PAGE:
- Compliance tracking. Whether or not a company has an effective safety program in place will not matter if compliance tracking is not underway. Compliance tracking is integral because it ensures that individuals at all levels of the company are following proper safety and health procedures, as well as transparently reporting any problems that arise
- Ensure contractor and subcontractor safety. The bigger the project, the more outside workers (like general contractors and subcontractors) there can be on a jobsite. Having an outside workforce join with a company’s existing one can create several obstacles. Make sure that outside workers not only understand the safety rules and expectations, but also what the requirements are for reporting and compliance tracking
- Keeping a safe schedule. Getting a job finished on time and staying on budget are tenets of the construction industry, but cutting corners and rushing to get things done lead to major problems. There are approximately $13 billion in costs from fatal and nonfatal injuries in the construction industry every year, and the Center for Construction Research and Training (CPWR) estimates that putting too much of an emphasis on speed and cost cutting contributes to endangering workers
- Adapt to the workforce. Current estimates suggest that the construction industry is an aging one. The rate of workers between 25 and 54-years-old, for example, dropped from 75% to 69% from 2011 to 2018, whereas workers age 55 and up grew from 17% to 22% in the same period of time. While older workers are injured at slightly less frequently of a rate than their younger counterparts, data shows that when they are, it tends to be more severe. Some of the most effective ways to prevent injuries in older construction workers is to provide lighter tools and materials and to encourage ergonomically-sound work practices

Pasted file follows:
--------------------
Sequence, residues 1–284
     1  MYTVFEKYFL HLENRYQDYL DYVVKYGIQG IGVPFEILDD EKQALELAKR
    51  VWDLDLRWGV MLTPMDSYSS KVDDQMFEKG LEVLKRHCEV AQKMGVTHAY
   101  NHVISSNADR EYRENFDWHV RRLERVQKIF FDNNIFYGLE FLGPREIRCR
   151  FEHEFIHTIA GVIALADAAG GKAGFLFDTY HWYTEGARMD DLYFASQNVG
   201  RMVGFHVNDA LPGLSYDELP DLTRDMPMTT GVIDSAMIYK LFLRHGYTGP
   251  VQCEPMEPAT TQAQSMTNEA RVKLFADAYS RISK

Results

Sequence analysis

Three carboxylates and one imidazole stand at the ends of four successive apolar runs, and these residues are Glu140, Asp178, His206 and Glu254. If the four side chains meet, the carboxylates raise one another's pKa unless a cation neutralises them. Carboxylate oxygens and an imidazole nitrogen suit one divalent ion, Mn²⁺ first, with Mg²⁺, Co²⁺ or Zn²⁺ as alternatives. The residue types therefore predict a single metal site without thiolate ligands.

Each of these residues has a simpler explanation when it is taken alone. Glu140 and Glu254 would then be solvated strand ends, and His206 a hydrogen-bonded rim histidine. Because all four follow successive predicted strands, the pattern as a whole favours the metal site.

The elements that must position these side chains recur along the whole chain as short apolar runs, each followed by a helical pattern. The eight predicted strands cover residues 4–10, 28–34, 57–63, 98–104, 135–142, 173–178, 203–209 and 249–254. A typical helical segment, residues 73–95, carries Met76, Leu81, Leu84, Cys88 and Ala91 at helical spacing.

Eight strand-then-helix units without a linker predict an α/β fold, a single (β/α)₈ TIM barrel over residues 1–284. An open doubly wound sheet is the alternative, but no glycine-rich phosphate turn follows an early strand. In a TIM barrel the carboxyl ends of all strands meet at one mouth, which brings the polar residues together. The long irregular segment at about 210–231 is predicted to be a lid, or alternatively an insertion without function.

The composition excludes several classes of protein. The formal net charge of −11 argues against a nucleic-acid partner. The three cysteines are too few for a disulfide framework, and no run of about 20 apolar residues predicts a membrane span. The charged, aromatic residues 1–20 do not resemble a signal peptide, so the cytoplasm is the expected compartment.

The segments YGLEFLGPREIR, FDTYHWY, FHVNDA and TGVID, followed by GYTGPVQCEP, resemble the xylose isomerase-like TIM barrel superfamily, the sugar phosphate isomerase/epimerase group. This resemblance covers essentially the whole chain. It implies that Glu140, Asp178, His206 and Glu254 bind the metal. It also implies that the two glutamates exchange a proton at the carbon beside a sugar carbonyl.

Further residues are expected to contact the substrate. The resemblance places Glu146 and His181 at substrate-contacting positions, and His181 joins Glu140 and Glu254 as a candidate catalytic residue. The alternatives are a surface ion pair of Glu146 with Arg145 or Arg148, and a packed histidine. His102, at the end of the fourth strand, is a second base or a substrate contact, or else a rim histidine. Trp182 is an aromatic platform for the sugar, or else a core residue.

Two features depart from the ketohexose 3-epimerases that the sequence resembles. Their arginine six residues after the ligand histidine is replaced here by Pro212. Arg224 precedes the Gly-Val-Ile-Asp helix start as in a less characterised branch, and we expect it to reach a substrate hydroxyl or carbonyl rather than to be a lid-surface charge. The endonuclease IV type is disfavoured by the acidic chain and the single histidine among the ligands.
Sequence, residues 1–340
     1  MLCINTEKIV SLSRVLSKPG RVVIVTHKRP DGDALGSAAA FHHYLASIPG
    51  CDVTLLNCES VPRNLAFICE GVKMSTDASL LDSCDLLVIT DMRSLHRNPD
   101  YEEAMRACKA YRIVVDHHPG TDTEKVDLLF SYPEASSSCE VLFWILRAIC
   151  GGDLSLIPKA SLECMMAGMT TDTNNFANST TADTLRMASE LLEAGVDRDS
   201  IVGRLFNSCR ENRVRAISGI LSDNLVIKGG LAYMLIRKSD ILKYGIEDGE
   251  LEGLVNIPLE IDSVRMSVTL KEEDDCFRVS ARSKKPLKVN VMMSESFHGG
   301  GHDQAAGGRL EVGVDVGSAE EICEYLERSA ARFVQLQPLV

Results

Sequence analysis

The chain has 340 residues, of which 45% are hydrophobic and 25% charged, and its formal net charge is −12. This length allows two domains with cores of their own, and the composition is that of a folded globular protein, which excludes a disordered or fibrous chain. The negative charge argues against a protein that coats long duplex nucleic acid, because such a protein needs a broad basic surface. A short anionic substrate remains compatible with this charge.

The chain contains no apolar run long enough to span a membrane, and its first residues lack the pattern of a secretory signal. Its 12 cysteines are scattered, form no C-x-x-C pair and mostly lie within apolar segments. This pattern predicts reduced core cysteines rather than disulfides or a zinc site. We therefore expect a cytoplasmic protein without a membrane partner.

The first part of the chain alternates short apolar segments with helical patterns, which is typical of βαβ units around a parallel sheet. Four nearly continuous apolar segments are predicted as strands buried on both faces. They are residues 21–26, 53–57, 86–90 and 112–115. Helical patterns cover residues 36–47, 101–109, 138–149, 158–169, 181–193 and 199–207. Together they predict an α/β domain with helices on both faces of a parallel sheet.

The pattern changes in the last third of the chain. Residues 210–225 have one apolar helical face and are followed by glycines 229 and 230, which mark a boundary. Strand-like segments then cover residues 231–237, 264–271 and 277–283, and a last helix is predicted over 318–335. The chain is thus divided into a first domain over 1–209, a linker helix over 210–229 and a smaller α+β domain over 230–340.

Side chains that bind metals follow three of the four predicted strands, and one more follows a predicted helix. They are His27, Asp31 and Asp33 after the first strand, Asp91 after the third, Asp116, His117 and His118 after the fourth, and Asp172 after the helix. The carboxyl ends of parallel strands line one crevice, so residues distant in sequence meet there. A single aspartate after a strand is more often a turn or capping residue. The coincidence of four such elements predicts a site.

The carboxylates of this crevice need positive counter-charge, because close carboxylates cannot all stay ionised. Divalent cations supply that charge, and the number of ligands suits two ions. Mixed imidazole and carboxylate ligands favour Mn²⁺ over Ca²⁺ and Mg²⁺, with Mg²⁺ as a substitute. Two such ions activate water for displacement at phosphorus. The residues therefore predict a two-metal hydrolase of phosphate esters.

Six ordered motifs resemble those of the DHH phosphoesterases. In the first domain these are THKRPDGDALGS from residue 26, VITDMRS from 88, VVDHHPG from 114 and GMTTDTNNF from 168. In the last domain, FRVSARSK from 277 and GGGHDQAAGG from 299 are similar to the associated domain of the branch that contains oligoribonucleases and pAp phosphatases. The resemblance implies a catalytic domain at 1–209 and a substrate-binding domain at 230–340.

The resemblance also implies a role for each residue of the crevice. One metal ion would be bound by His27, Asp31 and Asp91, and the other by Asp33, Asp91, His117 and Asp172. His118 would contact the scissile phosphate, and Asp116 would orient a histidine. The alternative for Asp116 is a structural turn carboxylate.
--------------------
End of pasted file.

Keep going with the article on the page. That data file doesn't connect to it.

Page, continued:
When employers fail to take the necessary steps to protect the hardworking men and women in the construction industry, accidents – and injuries – happen. The BLS reports that events or exposures like overexertion and bodily reactions, contact with objects and equipment, falls, slips, and trips, transportation incidents, and violence are the top causes behind industrial injuries. While workers can sustain all different kinds of injuries from these events (and others), some of the most common nonfatal injuries are sprains, strains, and tears, general soreness and pain, bruises and contusions, cuts, lacerations, and punctures, and fractures. Other common injuries, which can be nonfatal or fatal include:
- Neck, shoulder, or back injuries
- Traumatic brain injuries (TBIs)
- Eye injuries, which include vision impairment or blindness
- Loss of a limb or limbs
- Repetitive motion or strain injuries
Determining Liability in Construction Accidents